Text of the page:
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Monday, June 1, 2015

Plankton are a source of oxygen on Earth

Tiny creatures called plankton in the oceans largely considered as food for whales and other large marine animals. But a four-year global study found, among other things, that the plankton is the source of oxygen on the planet.

Plankton are animals, algae, bacteria and other microscopic organisms invisible. They inhabit the upper layers of the oceans, seas and freshwater in the world.
Lake Ontario in North America, where the growth of plankton summer, seen from the International Space Station at NASA. (Picture from: http://bit.ly/1HxxpVg)
In a project named "Tara Oceans", which led by the French non-profit organization Tara Expeditions, there are 200 scientists from 45 countries who alternately examines plankton on a ship.

They set sail in September 2009, the Tara's vessel visited 210 locations, where scientists collect 35,000 samples, examining life, genetic composition and movement of these tiny creatures.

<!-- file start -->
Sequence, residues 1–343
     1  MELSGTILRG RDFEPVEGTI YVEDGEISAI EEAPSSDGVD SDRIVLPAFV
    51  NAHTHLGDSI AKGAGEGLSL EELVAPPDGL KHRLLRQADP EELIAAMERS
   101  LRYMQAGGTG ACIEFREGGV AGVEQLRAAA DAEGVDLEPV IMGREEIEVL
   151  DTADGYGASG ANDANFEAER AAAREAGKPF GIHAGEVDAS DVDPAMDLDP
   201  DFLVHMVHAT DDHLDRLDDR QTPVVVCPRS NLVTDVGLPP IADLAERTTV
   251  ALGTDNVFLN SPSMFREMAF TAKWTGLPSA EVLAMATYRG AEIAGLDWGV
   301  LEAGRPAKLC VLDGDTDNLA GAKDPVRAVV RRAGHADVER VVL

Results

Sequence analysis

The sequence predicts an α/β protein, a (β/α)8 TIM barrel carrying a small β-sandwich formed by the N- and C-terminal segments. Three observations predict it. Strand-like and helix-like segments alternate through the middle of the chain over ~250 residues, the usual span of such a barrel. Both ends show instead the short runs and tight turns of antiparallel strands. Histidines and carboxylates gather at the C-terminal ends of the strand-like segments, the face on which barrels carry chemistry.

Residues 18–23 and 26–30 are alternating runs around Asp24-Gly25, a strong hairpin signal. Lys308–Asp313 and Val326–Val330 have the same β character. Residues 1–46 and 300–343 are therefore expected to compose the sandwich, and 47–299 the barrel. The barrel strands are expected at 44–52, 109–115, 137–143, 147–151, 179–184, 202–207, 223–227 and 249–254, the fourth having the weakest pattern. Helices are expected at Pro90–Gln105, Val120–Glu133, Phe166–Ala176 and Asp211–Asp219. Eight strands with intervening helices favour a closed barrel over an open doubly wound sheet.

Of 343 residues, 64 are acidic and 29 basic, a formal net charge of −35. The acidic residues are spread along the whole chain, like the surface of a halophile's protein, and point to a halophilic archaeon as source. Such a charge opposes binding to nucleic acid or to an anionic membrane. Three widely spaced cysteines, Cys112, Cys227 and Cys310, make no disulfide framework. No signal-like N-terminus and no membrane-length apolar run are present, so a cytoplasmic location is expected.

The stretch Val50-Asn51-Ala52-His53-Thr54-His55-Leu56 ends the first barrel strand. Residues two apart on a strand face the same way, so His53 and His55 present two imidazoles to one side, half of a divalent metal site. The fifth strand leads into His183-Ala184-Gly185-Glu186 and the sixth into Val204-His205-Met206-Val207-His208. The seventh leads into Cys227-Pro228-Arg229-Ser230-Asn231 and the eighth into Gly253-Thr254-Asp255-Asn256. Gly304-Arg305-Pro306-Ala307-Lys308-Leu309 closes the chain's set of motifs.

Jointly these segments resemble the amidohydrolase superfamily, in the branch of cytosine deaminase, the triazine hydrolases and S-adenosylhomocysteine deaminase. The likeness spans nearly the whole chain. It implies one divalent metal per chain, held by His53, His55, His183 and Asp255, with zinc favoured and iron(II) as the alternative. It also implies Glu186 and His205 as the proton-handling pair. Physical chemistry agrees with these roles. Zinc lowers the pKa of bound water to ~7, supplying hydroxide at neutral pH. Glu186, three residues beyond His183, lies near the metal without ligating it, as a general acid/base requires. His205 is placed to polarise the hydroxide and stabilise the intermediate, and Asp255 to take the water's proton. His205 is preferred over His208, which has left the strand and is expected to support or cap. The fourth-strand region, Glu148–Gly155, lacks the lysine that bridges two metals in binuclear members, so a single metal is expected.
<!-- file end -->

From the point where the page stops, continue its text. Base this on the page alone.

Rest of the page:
Chris Bowler, scientific coordinator of Tara Oceans, said the researchers found that plankton contribute much to the welfare of our planet. Creatures that "produces the oxygen we breathe, removing carbon dioxide from the atmosphere and generally maintain the condition of the Earth in order to live a decent human being," he said.

Bowler said that nearly half of the oxygen we breathe comes from diatoms, or mini photosynthetic algae that occupy all the layers of water that gets sunlight.

"Basically it means that every fifth breath, you inhale oxygen that can be directly traced back to the diatom," he said.

"So they are just as important as tropical forests in global contribution."

Executive director of the expedition, Romain Troublé said the study clearly showed that the oceans are Earth's climate machine.

"We believe that the oceans are also a major driver of climate change, the main organizer in the storage of carbon dioxide and heat," he said.

"And these machines work because the sea is in good health."
Different groups of scientists researching different things. One group, for example, makes the catalog to more than 40 million genes previously unknown plankton. Others find that the majority of plankton are parasitic interactions.

The data collected will be used to determine which of these organisms are most able to adapt to the conditions of the water change. The results of the first studies were published in the May issue of the journal Science, and many other analyzes will follow. *** [EKA | FROM VARIOUS SOURCES | VOA NEWS]
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